Women more likely to experience key side effects from chemotherapy for esophagogastric cancer
MUNICH — Women appeared more likely than men to experience certain side effects from first-line chemotherapy for esophagogastric cancer, according to study results presented at European Society for Medical Oncology Congress.
Sex contributes to variations in dose-response relationships and chemotherapy metabolism between men and women, potentially affecting toxicity and efficacy. However, comparative data on the effect sex has on chemotherapy-related toxicity for first-line treatment of esophagogastric cancer are lacking, according to study background.
“We have known for a long time in oncology that there are differences between males and females in the incidence and prognosis of many nongender-specific cancers,” study author Michael Davidson, clinical research fellow at The Royal Marsden NHS Foundation Trust, said in a press release. “We are now also beginning to understand some of the complex cellular, molecular and metabolic differences between the two sexes which influence both cancer development and response to treatment.
“The clinical question we wanted to answer was whether sex influences the toxicity and efficacy of common chemotherapies administered in esophageal and gastric [cancers],” Davidson added. “It’s the first time that gender-differentiated data has been collected on such a large scale for this tumor type.”
Davidson and colleagues analyzed data pooled from four multicenter randomized controlled clinical trials conducted in the United Kingdom. The trials evaluated different first-line chemotherapy regiments for esophagogastric cancer: epirubicin, cisplatin and fluorouracil (ECF); epirubicin, cisplatin and capecitabine (ECX); epirubicin, oxaliplatin and fluorouracil (EOF); or epirubicin, oxaliplatin and capecitabine (EOX).
Researchers analyzed demographic and outcomes data, then compared prevalence of toxicities between males and females.
The analysis included 1,654 patients (80.3% male). Age and performance status were comparable between males and females. A higher percentage of females had gastric tumors (57.4% vs. 34.1%).
Researchers reported no significant difference in overall rates of common all-grade toxicities and grade 3 or higher toxicities across all four trials between males and females (67.2% vs. 62.8%).
“The data get more interesting once we look at individual toxicity results,” Davidson said in a press release.
Females experienced significantly higher rates of nausea and vomiting (all grade, 89.3% vs. 78.3%; P < .001; grade 3; 16.7% vs. 9.5%; P < .001), diarrhea (all grade, 53.8% vs. 46.9%; P = .027); stomatitis (all grade, 49.5% vs. 40.7%; P = .004) and alopecia (81.4% vs. 74.3%; P = .009).
Researchers also reported trends toward higher rates of grade 3 or higher neutropenia (45.1% vs. 40.4%) and febrile neutropenia (11.8% vs. 7.7%) among females, but the differences did not reach statistical significance.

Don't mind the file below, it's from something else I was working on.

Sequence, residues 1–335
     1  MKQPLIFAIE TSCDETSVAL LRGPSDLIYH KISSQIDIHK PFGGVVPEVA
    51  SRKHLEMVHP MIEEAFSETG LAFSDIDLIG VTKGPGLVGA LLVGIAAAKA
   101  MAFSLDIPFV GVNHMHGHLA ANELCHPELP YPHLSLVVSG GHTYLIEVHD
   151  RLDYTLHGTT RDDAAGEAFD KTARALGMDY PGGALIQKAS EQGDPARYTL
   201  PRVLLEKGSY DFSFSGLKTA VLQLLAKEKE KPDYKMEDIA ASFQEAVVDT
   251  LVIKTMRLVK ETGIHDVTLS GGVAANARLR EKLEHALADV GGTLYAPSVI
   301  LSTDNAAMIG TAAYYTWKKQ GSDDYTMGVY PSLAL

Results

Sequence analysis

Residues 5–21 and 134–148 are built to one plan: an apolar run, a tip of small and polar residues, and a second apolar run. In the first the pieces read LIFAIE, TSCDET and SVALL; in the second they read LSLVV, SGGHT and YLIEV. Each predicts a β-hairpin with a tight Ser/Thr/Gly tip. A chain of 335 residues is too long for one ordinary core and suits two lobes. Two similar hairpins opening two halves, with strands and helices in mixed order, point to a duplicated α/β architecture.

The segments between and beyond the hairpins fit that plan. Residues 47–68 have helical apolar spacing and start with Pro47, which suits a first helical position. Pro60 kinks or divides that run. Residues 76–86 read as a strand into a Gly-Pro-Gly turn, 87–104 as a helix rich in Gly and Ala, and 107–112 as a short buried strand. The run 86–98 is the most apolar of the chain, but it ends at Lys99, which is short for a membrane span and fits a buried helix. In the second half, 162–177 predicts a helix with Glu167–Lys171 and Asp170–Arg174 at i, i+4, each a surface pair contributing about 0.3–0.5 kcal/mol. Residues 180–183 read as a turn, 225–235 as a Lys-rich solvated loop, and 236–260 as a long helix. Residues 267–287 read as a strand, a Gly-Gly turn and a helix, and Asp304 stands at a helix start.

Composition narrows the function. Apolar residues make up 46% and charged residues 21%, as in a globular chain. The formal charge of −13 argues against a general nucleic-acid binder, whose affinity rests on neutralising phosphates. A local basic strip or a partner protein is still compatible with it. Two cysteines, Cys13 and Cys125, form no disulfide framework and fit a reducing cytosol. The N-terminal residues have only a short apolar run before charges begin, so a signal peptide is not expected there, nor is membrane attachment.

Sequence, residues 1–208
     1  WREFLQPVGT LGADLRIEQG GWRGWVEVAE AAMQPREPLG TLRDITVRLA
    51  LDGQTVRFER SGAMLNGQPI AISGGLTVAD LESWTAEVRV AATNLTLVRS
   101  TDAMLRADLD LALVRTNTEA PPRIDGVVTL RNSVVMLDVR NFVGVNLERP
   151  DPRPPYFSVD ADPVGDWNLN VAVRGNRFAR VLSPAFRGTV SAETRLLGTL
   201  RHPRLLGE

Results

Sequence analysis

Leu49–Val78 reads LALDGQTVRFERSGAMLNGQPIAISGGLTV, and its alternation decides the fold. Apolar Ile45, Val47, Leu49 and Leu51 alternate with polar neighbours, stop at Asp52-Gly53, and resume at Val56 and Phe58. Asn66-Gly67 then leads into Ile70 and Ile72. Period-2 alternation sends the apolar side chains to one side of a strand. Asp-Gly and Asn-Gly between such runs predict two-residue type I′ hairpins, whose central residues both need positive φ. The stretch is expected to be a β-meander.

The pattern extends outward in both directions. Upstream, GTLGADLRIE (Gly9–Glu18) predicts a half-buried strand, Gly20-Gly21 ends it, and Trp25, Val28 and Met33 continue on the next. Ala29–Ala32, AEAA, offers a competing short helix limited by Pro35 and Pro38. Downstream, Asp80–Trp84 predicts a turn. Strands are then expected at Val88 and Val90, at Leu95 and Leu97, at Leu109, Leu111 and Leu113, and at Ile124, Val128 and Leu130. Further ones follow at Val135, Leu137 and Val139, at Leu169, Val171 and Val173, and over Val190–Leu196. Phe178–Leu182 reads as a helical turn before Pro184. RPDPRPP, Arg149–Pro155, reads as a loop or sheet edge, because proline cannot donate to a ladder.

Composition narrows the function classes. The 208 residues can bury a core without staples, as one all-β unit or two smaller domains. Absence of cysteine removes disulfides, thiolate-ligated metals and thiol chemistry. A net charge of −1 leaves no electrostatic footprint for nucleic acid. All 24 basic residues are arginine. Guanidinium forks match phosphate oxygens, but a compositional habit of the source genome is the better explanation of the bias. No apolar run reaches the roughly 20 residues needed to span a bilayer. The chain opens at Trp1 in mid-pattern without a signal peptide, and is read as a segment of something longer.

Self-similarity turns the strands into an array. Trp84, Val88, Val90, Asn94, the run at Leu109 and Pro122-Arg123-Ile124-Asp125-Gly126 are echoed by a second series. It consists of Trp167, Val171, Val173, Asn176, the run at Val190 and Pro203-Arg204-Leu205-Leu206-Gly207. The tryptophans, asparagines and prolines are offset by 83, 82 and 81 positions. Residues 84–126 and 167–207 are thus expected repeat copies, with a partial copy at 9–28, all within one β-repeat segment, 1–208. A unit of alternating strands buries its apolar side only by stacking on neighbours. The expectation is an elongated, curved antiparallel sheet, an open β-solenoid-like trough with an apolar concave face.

Males appeared significantly more likely to experience all-grade peripheral neuropathy (49.3% vs. 42.6%; P = .03).
Researchers reported no difference in PFS or OS by sex. A higher percentage of men than women achieved objective response (46.6% vs. 40.4%), but the difference did not reach statistical significance.
Although the results show men and women who underwent similar chemotherapy combinations for esophagogastric cancer were affected to varying degrees by several different toxicities, the clinical relevance of this discovery remains uncertain, Davidson said.
“There is not enough data here to support alternative chemotherapy dosing strategies for men and women, [but] it is useful for clinicians to be aware of such findings in order to refine their treatment in other ways,” Davidson said in the release. “For example, knowing that women are more likely to experience gastrointestinal side effects such as nausea and vomiting or diarrhea may allow for more tailored education to be given to patients, empowering them to report problems early and allowing doctors to introduce supportive measures more proactively and intensively.”
Prior trials have demonstrated differences in treatment reactions between men and women, according to Michel Ducreux, MD, PhD, head of the gastrointestinal unit at Institut Gustav Roussy in Villejuif, France.
“Until recently, though, because no one could explain why such differences might exist, they tended to be written off as a statistical artefact and remained absent from the discussion,” Ducreux, who was not involved with this study, said in the release. “In the clinic, meanwhile, the trends highlighted in this study would have been imperceptible to physicians.
“Thanks to the large number of patients included, this analysis was able to show statistically significant gender differences in the frequency of several side effects of chemotherapy,” Ducreux added. “Now, not only must we discuss their implications, we also need to understand the underlying reasons.”
One option is to stratify patients according to sex in clinical trials to evaluate the efficacy of and tolerance to treatments between sexes from the beginning of drug development.
“If further studies systematically confirm that women are more prone than men to a wider range of side effects, then we will also need to think about entirely different prevention and support strategies for female patients,” Ducreux said. – by Mark Leiser
Reference: Davidson M, et al. Abstract 619PD-PR. Presented at: European Society for Medical Oncology Congress; Oct. 19-23, 2018; Munich.
Disclosure s : The National Institute of Health Research funded this study. Davidson reports no relevant financial disclosures. Please see the abstract for all other authors’ relevant financial disclosures.